Kin of victims, various groups, media organizations, advocates, and individuals held a demonstration in Mendiola, Manila yesterday to commemorate the seventh anniversary of the Ampatuan Massacre.

Seven years ago, the deadliest single attack on media in the Philippine history happened at Sitio Masalay, Barangay Salman, Ampatuan. Moreover, the Ampatuan Massacre is also considered as the worst incident of electoral violence in the country.

Fifty eight (58) were killed, including 32 media workers, 9 from the Mangudadatu clan, 6 supporters, 3 lawyers, 2 van drivers and 6 incidental victims, or those who were during the checkpoint at the time of interception.

The full names of the Ampatuan massacre victims are as follow:

Media workers:

  • Benjie Adolfo
  • Henry Araneta
  • McDelbert Arriola
  • Rubello Bataluna
  • Arturo Betia
  • Romeo Jimmy Cabillo
  • Marites Cablitas
  • Hannibal Cachuela
  • Jepon Cadagdagon
  • John Caniban
  • Lea Dalmacio
  • Noel Decina
  • Gina Dela Cruz
  • Jhoy Duhay
  • Jolito Evardo
  • Santos Gatchalian
  • Bienvenido Legarte, Jr.
  • Lindo Lupogan
  • Ernesto Maravilla
  • Rey Merisco
  • Marife Montaño
  • Rossell Morales
  • Victor Nuñez
  • Ronnie Perante
  • Joel Parcon
  • Fernando Razon
  • Alejandro Bong Reblando
  • Napoleon Salaysay
  • Francisco Subang
  • Andres Teodoro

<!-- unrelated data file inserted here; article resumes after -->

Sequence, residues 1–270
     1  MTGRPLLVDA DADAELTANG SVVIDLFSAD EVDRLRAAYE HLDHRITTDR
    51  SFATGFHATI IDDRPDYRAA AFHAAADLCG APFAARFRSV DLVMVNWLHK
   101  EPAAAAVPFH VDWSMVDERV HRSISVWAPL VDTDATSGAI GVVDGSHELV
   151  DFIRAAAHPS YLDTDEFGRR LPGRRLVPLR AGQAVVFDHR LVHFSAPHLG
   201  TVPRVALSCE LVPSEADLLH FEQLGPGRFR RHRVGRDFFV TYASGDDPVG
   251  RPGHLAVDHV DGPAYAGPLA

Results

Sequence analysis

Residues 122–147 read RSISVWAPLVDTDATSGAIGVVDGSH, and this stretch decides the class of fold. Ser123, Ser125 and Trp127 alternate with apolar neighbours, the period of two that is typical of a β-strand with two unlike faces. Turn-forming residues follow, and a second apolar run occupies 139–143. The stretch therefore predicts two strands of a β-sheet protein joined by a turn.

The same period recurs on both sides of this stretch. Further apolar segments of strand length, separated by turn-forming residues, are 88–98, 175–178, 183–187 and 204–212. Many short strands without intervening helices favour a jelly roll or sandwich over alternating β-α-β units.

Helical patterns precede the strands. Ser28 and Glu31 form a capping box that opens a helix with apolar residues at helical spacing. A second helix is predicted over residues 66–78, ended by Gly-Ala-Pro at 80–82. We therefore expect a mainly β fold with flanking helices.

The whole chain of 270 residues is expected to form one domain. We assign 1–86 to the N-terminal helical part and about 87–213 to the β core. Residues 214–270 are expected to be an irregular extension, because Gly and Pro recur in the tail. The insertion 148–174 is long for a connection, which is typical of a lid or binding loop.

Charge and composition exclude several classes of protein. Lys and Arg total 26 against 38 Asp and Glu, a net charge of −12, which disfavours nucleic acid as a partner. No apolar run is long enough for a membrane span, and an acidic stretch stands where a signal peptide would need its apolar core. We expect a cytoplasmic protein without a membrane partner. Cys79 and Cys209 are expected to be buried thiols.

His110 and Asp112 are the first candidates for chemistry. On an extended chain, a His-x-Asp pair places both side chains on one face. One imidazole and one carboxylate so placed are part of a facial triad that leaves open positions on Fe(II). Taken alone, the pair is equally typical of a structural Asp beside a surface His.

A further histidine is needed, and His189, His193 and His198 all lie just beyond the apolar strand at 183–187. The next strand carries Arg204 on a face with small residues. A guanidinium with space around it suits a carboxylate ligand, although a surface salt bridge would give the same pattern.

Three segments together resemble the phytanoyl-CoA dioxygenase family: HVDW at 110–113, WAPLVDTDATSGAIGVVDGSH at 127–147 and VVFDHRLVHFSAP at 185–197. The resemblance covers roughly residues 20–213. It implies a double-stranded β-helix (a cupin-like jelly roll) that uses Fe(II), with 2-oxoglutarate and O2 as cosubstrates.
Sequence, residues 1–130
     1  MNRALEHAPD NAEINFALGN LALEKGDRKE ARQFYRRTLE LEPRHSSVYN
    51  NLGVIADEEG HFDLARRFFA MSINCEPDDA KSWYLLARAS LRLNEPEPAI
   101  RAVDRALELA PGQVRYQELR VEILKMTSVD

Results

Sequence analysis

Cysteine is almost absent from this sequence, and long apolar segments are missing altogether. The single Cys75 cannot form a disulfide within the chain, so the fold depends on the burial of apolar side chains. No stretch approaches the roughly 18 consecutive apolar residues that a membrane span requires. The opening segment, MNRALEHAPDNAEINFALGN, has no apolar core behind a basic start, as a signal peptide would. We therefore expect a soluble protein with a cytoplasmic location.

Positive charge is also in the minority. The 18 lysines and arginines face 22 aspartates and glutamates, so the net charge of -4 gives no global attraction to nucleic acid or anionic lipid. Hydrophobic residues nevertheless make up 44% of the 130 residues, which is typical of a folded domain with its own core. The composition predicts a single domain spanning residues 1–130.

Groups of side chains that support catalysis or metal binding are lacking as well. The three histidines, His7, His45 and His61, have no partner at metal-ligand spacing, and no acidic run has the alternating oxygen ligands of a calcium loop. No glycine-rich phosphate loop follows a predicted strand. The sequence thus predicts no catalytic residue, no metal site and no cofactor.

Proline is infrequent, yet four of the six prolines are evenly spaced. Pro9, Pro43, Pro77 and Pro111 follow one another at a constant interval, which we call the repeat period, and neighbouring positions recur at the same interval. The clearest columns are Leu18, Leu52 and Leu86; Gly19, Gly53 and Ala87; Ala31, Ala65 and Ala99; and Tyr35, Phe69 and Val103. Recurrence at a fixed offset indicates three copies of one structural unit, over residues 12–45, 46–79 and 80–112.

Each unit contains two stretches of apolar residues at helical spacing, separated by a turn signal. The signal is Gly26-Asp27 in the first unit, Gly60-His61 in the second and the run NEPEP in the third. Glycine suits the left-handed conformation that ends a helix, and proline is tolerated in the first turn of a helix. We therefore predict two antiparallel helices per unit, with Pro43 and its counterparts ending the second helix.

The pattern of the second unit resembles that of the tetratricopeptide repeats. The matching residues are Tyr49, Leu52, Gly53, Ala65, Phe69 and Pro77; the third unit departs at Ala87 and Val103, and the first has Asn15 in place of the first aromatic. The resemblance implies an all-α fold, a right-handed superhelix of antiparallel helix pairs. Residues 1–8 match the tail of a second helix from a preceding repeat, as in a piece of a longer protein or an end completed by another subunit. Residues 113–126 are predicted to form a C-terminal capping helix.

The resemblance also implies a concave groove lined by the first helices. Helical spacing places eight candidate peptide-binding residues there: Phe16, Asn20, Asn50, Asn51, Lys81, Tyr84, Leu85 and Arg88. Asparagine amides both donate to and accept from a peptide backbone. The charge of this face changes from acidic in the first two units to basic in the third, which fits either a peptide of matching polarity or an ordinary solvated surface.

• Daniel Tiamson
  • Reynaldo Momay

Mangudadatu Clan:

  • Bai Genalin Tiamzon Mangudadatu
  • Bai Eden Gaguil Mangudadatu
  • Bai Farinah Mangudadatu Hassan
  • Rowena Ante Mangudadatu
  • Surayyda Gaguil Bernan
  • Wahida Ali Kaliman
  • Mamotabai Mangudadatu
  • Raida Abdul Sapalon
  • Faridah Sabdullah Gaguil


  • Pinky Balayman
  • Lailani Balayman
  • Eugene Demillo Pamansag
  • Abdillah Ayada
  • Rahima Palawan
  • Meriam Calimbol


  • Cynthia Oquendo
  • Concepcion Brizuela Jayme
  • Catalino Oquendo

Van Drivers:

  • Norton Edza Ebus
  • Razul Daud Bulilo

Incidental Victims:

  • Wilhelm Palabrica
  • Mercy Catalino Palabrica
  • Eduardo Lichonsito
  • Cecille Lichonsito
  • Daryll Vincent de los Reyes
  • Anthony Ridao

The massacre led to a tremor not only to the country, but to the world. Moreover, it highly contributed to the movement to end impunity and call to stop killings, as well as harassment of journalists in all forms, in the Philippines and across the globe.

Justice Delayed, Justice Denied

Today, seven years later, justice is still denied.


The Ampatuan clan patriarch and alleged mastermind, Andal Ampatuan Sr., already died of liver cancer last July 17, 2015 at the National Kidney and Transplant Institute, Quezon City.

Andal Ampatuan Sr.’s death prior to his verdict due to stagnant justice granted him to be extinguished from his criminal liability, as per Philippines’ Rule on Criminal Procedure.

On the other hand, Sajid Islam Ampatuan, one of the accused, was granted freedom through a P11.6-million bail.

Branch 221 Judge Jocelyn Solis-Reyes of the Regional Trial Court of Quezon City ordered the immediate release of Sajid Islam Ampatuan through an order made on March 9, 2015.

Moreover, the case trial remains slow.

Four (4) witnesses have been murdered throughout the trial namely: Alijol Ampatuan, Suwaib Upham, Dennis Sakal, and Esmail Amil Anog.

As of January 14, 2015, the Center for Media Freedom and Responsibility in its Ampatuan Trial Watch initiative, reported that the number of accused for the massacre has already led to 246, which include local government officials and police officers.